Please refer to GP mythbuster 91: Patient safety alerts - Care Quality Commission ( for further details.

The Care Quality Commission (CQC) has issued guidance for providers about compliance with the Health and Social Care Act 2008 and meeting the regulations relating to complying with relevant Patient Safety Alerts, recalls and rapid response reports issued from the Medicines and Healthcare products Regulation Agency (MHRA) and through the Central Alerting System (CAS).

1. MHRA Drug Safety Updates and Drug and Device Alerts

MHRA Drug Safety Updates and Drug and Device Alerts include information about defective medicines/devices, side effects associated with medicines and information sent to healthcare professionals from product manufacturers which all require to be acted upon and actioned within required timescales by GP practices.

There is also a drug safety update monthly newsletter available for healthcare professionals, bringing information and clinical advice on the safe use of medicines.

These can be accessed from the following links below and you can also subscribe to email alerts.

  • Drug Safety Updates and Drugs and Medical Devices

Some of these can also be accessed from the Central Alerting System (CAS).

It is the practice’s responsibility to monitor these updates and take appropriate action in a timely manner. Current updates relevant to Primary Care will also be highlighted at locality prescribing meetings. The practice should have a well-defined audit trail in place to evidence the review and updating of search results on a regular basis.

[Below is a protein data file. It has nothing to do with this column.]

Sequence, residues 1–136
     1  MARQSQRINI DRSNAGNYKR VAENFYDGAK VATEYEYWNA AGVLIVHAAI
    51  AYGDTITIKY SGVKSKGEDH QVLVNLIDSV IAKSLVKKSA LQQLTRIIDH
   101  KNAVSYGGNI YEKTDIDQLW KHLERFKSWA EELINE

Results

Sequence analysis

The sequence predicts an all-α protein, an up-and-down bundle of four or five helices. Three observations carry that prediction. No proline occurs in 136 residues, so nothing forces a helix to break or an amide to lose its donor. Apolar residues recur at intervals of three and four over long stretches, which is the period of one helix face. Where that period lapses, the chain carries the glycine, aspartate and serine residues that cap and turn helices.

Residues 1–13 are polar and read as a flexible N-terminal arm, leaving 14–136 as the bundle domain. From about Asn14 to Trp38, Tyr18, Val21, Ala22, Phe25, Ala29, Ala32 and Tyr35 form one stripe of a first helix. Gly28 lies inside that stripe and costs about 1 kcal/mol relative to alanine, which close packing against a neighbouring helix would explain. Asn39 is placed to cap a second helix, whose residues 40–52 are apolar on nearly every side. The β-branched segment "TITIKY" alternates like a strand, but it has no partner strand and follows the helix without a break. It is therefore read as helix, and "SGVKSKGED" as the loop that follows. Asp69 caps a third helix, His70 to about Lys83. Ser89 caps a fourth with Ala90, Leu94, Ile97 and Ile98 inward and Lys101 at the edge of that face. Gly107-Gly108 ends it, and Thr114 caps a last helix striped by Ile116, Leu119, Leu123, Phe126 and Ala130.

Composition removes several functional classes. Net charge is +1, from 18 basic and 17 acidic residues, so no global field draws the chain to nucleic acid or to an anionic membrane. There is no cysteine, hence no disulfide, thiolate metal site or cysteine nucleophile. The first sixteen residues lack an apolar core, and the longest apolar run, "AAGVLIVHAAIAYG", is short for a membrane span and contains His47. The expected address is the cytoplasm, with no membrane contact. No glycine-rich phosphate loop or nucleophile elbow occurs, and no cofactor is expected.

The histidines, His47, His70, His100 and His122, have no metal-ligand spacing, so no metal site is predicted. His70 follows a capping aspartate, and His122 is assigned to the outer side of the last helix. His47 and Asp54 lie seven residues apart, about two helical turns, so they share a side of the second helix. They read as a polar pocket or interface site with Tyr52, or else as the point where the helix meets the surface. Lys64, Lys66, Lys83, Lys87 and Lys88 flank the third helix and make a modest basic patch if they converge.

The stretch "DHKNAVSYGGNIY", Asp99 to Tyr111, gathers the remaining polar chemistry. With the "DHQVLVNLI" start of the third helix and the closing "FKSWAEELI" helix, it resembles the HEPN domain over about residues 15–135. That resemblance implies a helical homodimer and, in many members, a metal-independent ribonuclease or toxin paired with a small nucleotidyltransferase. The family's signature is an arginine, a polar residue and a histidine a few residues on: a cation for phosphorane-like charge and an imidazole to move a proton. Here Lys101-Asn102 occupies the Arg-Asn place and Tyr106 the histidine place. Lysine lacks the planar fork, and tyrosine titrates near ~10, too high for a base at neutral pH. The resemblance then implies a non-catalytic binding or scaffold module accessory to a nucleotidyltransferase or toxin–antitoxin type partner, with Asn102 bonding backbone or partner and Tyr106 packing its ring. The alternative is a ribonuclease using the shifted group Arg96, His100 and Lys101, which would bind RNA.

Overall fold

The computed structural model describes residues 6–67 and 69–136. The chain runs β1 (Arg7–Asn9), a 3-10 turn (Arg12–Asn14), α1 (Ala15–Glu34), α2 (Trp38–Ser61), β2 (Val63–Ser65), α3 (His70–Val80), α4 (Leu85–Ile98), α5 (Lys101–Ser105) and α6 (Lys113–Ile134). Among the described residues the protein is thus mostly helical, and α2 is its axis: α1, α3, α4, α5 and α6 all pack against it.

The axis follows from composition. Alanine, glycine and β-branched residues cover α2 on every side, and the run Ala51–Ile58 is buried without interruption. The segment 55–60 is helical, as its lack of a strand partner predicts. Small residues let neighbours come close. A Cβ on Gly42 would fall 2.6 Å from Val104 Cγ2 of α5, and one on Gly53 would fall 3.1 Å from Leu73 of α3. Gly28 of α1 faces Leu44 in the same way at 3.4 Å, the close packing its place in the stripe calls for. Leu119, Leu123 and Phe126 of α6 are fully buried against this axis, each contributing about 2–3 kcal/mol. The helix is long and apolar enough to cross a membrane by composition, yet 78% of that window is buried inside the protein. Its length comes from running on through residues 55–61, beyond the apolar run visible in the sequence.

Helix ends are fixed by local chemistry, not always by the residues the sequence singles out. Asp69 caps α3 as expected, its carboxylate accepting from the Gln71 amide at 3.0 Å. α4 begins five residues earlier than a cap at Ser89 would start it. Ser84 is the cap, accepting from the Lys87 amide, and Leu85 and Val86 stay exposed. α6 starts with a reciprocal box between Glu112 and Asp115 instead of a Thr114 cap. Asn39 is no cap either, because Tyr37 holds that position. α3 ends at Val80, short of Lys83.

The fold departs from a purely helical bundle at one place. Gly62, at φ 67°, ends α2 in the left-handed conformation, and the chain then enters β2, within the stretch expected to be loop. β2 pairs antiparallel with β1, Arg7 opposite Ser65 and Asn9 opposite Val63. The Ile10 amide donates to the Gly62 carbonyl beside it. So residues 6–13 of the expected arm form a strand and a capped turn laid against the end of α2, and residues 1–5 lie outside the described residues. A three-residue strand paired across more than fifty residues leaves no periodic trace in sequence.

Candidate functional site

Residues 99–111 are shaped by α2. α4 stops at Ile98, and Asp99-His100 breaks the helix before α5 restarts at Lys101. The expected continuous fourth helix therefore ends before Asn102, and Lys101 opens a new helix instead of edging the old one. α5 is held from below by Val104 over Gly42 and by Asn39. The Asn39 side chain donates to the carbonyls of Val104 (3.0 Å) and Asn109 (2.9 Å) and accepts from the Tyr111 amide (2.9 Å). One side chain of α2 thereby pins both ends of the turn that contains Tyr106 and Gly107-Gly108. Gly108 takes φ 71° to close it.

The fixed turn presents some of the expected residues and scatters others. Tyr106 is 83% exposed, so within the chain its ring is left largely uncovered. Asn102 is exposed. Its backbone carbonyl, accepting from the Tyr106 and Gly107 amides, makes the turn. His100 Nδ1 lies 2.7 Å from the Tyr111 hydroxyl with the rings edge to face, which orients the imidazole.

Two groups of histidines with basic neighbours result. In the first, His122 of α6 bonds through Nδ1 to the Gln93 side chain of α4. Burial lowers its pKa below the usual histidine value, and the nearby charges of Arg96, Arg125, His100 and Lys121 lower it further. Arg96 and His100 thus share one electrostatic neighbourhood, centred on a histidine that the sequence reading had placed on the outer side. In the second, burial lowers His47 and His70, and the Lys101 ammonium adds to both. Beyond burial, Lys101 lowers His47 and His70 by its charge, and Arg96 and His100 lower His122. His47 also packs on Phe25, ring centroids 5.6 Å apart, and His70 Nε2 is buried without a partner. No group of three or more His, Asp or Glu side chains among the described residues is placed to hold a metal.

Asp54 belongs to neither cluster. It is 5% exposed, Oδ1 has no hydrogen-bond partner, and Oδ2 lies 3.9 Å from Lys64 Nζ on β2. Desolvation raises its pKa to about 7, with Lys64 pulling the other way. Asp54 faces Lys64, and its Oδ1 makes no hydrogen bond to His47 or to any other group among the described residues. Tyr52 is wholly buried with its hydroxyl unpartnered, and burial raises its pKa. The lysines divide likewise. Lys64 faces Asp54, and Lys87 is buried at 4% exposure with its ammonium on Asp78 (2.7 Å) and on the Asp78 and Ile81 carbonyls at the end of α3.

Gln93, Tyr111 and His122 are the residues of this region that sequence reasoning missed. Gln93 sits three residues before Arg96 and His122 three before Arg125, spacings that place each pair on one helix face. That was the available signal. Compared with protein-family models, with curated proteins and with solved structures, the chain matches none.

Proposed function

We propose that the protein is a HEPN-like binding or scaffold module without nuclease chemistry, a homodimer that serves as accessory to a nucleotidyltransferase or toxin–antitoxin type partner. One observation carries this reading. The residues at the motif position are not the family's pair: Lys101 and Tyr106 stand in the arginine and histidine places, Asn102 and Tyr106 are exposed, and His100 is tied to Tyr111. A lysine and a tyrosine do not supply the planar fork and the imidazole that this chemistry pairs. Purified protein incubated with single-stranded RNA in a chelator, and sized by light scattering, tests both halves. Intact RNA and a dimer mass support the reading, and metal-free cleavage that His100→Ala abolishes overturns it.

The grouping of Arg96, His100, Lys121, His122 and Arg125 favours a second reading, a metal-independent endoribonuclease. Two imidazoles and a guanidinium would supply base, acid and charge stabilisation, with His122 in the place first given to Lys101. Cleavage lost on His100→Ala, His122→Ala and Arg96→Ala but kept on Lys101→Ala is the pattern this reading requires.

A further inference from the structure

As all practices receive MHRA Drug Safety Updates the Medicines Optimisation Team will only inform prescribers when there is additional local information relevant to an alert. For example this may take the form of a suggested search strategy to identify patients potentially affected by the alert.

2. Central Alerting System (CAS)

The Central Alerting System (CAS) is a web-based cascading system for issuing patient safety alerts, important public health messages and other safety critical information and guidance to the NHS and others, including independent providers of health and social care.

Alerts available on the CAS website include safety alerts, chief medical officer (CMO) messages, drug alerts and Medical Device Alerts, as well as feedback from the National Reporting and Learning Service that enables healthcare professionals to learn from incidents.